Sunday, March 18, 2007
Article in the New York Times -- Judge Says Tobacco Companies Can’t Use ‘Light’ Label Overseas, by the Associated Press. Much of the debate over "light" cigarettes centers on the notion that unlke the government-mandated testing machines, many smokers compensate for lower tar by covering filter holes with their lips or inhaling more deeply. But this reasoning seems flawed -- for example, if many people eat more baked potato chips than fried potato chips, it doesn't mean a bag of baked potato chips is as bad as a bag of fried potato chips. Shouldn't producers just provide the information about the product and let the user decide about how, and how much, to consume?
Here's an excerpt from the article:
A federal judge on Friday prohibited top tobacco companies from marketing cigarettes overseas as “low tar” and “light,” in a move applauded by antismoking activists.
But Judge Gladys Kessler of Federal District Court for the District of Columbia declined to apply internationally an earlier decision ordering companies to post signs in stores in the United States saying such cigarettes are dangerous and addictive and that tobacco companies have manipulated them to deliver nicotine to smokers.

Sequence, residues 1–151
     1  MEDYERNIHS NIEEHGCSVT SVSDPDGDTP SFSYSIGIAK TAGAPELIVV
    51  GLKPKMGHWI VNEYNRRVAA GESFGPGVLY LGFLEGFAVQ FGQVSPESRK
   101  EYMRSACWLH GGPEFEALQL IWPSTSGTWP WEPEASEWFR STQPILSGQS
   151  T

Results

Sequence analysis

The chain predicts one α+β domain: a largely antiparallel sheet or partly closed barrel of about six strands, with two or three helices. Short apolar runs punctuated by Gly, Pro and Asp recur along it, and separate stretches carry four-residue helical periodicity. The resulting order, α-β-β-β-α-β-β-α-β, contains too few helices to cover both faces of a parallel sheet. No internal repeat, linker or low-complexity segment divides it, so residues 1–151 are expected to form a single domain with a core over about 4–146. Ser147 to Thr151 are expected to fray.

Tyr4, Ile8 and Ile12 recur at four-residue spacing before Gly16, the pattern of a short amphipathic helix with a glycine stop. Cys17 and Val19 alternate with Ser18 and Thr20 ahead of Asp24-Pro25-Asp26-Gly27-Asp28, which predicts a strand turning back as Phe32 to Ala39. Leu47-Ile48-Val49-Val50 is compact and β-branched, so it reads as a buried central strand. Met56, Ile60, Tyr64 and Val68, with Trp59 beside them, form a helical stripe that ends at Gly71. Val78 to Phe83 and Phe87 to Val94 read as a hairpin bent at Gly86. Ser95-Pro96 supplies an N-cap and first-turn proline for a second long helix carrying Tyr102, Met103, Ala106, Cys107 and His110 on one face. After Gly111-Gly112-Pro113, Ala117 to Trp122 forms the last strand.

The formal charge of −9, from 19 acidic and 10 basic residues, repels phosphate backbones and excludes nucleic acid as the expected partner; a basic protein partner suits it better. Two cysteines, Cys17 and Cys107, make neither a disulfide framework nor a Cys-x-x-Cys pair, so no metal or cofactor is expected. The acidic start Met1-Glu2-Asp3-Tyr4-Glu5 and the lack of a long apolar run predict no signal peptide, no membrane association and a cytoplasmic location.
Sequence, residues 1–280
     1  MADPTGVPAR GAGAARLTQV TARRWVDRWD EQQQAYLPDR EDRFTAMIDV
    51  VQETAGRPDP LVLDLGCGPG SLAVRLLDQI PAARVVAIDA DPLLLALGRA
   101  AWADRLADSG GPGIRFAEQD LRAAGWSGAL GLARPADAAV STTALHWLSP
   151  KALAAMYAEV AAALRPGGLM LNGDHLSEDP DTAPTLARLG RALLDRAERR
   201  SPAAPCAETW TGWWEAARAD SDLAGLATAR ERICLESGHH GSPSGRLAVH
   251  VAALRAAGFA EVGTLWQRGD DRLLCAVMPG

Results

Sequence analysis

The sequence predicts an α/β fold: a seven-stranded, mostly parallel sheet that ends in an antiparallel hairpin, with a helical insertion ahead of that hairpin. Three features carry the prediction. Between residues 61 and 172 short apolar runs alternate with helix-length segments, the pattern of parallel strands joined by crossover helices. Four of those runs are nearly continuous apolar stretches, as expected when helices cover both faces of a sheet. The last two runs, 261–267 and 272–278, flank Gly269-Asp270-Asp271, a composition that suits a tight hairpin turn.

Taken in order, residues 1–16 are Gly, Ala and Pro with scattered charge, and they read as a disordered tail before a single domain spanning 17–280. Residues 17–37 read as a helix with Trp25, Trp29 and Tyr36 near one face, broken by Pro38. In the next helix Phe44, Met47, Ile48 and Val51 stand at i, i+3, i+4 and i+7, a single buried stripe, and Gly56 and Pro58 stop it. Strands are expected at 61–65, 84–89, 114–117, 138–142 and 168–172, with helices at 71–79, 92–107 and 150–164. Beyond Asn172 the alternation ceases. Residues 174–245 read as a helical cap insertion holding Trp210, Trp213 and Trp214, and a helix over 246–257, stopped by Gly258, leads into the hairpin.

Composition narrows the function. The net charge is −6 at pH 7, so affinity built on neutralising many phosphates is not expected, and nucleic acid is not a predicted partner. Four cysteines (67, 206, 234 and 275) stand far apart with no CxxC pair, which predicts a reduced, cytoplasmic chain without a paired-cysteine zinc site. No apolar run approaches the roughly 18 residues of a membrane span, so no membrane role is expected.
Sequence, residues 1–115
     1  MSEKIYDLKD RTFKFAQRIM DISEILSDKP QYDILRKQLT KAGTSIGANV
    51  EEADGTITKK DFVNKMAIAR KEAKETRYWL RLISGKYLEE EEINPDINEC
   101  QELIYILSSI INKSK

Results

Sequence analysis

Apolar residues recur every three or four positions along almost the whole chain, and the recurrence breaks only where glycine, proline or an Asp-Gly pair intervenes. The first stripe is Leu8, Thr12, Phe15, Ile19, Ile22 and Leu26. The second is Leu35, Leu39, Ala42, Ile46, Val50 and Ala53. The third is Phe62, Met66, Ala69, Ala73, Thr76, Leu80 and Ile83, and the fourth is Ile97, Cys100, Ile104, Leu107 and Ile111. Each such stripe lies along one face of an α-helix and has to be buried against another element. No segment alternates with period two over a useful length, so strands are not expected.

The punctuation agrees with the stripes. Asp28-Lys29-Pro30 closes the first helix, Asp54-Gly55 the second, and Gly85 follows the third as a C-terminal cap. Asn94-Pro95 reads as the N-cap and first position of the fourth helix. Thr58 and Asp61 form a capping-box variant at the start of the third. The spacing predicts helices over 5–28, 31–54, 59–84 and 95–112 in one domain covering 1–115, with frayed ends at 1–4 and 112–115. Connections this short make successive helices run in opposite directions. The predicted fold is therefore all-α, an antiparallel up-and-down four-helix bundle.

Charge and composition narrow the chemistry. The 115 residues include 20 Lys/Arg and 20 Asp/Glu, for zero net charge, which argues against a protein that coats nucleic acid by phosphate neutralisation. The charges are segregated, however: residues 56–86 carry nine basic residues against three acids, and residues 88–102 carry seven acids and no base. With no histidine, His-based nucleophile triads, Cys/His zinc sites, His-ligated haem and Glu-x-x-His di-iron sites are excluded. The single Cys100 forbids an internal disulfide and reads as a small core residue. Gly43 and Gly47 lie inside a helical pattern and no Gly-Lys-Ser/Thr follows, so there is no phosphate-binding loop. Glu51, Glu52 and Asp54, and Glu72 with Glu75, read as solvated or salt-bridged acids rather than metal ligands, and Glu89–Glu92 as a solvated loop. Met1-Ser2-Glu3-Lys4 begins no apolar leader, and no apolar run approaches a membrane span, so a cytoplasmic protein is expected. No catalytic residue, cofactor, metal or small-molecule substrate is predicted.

In a landmark lawsuit brought by the government, Judge Kessler ruled on Aug. 17 that the nation’s top cigarette makers violated racketeering laws and deceived the public for years about the health hazards of smoking.
She ordered the companies to stop using terms like “light” on their products.
After the decision, the companies asked Judge Kessler to allow them to use the marketing overseas, a request she rejected on Friday.